Last week, we are told, the Conservatives had a bad week. There was the Italian troop fiasco and the Bernier issue and its fallout. Was it really all that bad, however, for the Tories? I suspect not and I suspect not for two reasons: the fact that these are not really, really huge issues (at least with the Canadian public) and the commitment of conservatives to the Conservative Party. Of these two mitigating factors, the last is by far the most important for Canadian Studies because it points to an issue I've mentioned before: ideology matters. Politics is not just about vote getting. Ideas count and principles count. And, not just bland principles with which everyone can agree -- like "good government" and "accountability in spending" -- but ideology in the sense of how one envisions the nation. It is, I think, the vision-think -- this perception of what Canada is and where it should go (that is, how it should develop in the future) -- that ties people to specific political parties and keeps them voting for that party despite scandals and mess-ups of the sort we saw last week. Let me say a quick word about each of these points.
First, the minor point: these scandals really weren't that bad. This is a matter of political punditry. Leaving classified papers around is clearly not a good thing. Bernier is not the first minister to do something like this (or, say, to be overhead on an airplane making comments about classified matters). It should not happen but human beings being what they are, it will happen from time to time. Bernier's jig was likely up anyway. The Conservatives didn't want to see this scandal (who would want a scandal no matter how minor) and they certainly didn't want to lose Bernier from the cabinet. But, he was not doing a good job in Foreign Affairs anyway. He's too much of an ideologue to really function well in that post, which requires diplomacy and pragmatism. He was more suited to a domestic economic role. It is doubtful, then, that he would have survived the next cabinet shuffle in Foreign Affairs anyway. So, the Conservative disappointment can be mitigated by this reality. It can also be mitigated by the fact that while people find the whole scandal interesting, it is interesting in more of a rubber neck kind of way. Unless the Conservatives have other similar problems waiting to pop up (in which we case we would have a system problem with security and not a scandal), I suspect most Canadians won't care very much about the issue in another month's time. And, by election time it won't be a matter of concern at all. Is anyone planning to change the way they vote because of Bernier?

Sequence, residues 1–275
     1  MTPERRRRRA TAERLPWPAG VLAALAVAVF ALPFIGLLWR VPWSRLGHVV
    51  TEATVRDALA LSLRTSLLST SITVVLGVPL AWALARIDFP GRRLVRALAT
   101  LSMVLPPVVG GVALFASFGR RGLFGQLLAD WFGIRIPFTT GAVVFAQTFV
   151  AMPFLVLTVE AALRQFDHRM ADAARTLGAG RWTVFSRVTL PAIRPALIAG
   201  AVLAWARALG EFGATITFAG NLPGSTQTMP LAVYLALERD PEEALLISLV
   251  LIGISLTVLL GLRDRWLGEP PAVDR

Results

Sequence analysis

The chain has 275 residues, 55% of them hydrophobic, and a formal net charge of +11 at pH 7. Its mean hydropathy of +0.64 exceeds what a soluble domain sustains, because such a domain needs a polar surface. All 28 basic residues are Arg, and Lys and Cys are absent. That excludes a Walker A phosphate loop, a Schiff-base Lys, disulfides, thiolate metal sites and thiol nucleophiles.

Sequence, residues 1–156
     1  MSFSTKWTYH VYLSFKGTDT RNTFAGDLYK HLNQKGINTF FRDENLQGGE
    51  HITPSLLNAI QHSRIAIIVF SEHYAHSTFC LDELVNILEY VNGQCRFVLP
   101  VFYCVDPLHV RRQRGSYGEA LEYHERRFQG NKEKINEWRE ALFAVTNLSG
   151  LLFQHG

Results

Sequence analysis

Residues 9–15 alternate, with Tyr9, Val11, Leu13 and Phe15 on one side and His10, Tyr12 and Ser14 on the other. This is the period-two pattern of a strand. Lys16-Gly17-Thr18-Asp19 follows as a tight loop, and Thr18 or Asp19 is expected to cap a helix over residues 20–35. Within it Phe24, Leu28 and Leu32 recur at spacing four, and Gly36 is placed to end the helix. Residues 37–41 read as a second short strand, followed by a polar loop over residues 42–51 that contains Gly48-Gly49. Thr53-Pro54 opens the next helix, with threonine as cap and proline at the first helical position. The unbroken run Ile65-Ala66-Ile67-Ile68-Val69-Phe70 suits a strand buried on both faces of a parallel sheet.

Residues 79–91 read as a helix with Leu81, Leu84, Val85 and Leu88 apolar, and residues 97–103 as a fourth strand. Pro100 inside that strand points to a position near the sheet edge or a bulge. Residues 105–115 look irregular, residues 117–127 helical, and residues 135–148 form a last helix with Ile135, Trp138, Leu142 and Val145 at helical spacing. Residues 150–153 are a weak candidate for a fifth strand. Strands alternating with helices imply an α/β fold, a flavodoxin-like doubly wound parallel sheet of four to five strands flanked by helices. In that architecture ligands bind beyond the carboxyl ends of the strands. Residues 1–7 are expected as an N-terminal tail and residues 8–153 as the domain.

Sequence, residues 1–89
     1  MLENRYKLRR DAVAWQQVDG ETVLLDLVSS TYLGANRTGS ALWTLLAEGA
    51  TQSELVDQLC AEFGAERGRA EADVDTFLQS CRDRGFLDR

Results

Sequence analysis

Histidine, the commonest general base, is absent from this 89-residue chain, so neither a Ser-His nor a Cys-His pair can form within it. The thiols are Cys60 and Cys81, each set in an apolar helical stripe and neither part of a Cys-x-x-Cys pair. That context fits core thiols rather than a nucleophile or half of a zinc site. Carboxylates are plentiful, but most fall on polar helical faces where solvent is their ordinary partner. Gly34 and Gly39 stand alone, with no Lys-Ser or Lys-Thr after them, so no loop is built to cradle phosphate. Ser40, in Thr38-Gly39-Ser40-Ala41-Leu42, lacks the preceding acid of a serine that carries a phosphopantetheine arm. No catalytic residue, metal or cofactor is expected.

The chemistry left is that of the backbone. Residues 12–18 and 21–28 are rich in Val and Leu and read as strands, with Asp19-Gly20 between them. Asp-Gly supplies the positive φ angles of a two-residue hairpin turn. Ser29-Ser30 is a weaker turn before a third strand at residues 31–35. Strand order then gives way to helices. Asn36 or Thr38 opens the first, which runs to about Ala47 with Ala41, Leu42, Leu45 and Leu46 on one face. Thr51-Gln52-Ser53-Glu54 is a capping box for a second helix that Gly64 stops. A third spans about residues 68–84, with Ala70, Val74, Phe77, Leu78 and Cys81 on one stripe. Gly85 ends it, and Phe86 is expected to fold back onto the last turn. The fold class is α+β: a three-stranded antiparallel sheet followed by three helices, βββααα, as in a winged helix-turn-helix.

The more important point is the answer to the question I just asked. I suspect not. And, I suspect not because of why people vote Conservative in the first place. It has not a great deal to do with any one individual minister. (Although the Liberal's strong team approach bears watching in this regard as a potential counter example.) Instead, those who vote Conservtive do so because they are committed to specific conservative values. I suspect that if you polled Conservatives you'd find a much stronger commitment to such things as: lower taxes, less social welfare, a closer commitment to the US, opposition to equality for gay people (although some euphemism might be used for this), opposition to "feminism", a desire for lower rates of immigration, and opposition to further secularization in Canadian society. I just made that list up so one or two of the things might be a bit off the mark and I'm not saying that there is not, say, opposition to equality for gay Canadians in other parties. I'm just saying it would be a lot more prominent among Conservative voters.
People who vote for a political party are unlikely to desert it over a single scandal or two or even a lot of scandals. The scandals need to be show to be some sort of systematic failure on the part of that party before people committed to voting on values will shift ground. The same thing could be said for Liberals or NDP types. The Liberals endured the worst political scandal in a heck of a long time and yet 1/3rd of Canadians are still committed to them. The NDP suffered through incompetent leadership, an abboragation of its heritage, and no chance of winning, and yet a core of Canadians (say, about 10%) keep voting for them. There is a smaller core of Green Party activists and a core of Bloquistes.
I might be wrong but the upshot of what I am saying is that ideology counts for more than journalists frequently suggest. There is a lot of "spin" in politics, to be sure, but for the average voter, I don't think "spin" is as important as values. What this mean, then, is that we should stop talking about "spin" and "image" and "bad weeks" and start talking about values and ideas. The future of Canadian politics lies there.